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chrisrdba avatar image
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chrisrdba asked ErlandSommarskog commented

How to tie filestream GUID value to actual file name?

Greetings. I've seen a few people ask this question on google w no real solution.

We're using filestream, and I want to run a query in the DB that will allow me to tie the result of that query to the actual name of the filestream file.

This link shows the column filestream_value_name which is precisely what I'm after, but only shows stuff waiting to be backed up, while running in DAC. I need something that can tie every row of data in my table to the actual file name as seen in Explorer (for example).

I'm also aware of column.pathname , but that doesn't truly show what I need.

I'm also aware that manually manipulating these files is not supported, and could lead to corruption. I have no intention of doing that.

Any ideas?

sql-server-general
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I don't understand what you are trying to achieve here, may can you explain it with samples, please?

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chrisrdba avatar image chrisrdba OlafHelper-2800 ·

201508-fsfiles.jpg



See attached. From the first link above, the query would suggest that the files are named "0x5048....." and "0xFFD....." while the OS clearly has no files w those names.

How do I write a query that will give me the real names the OS sees?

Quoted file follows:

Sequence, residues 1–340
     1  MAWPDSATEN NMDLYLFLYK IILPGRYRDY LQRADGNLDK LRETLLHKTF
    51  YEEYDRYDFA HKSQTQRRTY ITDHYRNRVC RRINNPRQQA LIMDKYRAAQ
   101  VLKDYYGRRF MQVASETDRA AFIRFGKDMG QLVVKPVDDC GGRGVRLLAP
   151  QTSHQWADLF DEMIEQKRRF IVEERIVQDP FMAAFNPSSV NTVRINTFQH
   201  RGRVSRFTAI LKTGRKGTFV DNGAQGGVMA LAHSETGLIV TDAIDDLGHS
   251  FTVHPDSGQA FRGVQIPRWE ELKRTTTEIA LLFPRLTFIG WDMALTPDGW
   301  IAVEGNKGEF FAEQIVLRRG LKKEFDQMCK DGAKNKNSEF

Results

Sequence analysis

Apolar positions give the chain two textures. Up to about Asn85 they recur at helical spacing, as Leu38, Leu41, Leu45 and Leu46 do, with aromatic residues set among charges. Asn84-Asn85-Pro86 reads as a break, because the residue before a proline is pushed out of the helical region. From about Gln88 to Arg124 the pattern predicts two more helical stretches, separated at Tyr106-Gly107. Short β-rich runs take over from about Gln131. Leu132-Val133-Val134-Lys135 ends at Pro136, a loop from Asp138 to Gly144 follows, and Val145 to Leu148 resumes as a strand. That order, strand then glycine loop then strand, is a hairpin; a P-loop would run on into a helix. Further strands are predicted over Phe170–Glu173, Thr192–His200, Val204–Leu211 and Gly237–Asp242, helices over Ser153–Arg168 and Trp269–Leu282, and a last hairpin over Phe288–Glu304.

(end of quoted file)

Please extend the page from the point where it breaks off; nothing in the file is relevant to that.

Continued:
Thanks!

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fsfiles.jpg (80.7 KiB)

The column "file" is the actual binary contents of the file, not a filename.

column.pathname , but that doesn't truly show what I need.


Why? This provides the full path to the actual file.

What are you trying to accomplish by getting the filename? The physical file is completely managed by SQL Server and is really meaningless.

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Hi @chrisrdba,

Please check if below thread could help you.

SQL Filestream - tying up rows with File Stream files


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Thanks, but as mentioned I'm aware of column.pathname , but that doesn't truly show what I need.

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1 Answer

ErlandSommarskog avatar image
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ErlandSommarskog answered

It may be better to play it safe and write a program that trawls the Filestream table and extracts the files with the OpenSqlFilestream API and writes the file and the metadata. Yes, this means that you need to find a programmer that can write such a program. Then again, this is not 200 lines of code.

This also gives you a consistent view of the contents. If you read the raw file area directly, you will get old versions and deleted files that have not been garbage-collected yet.

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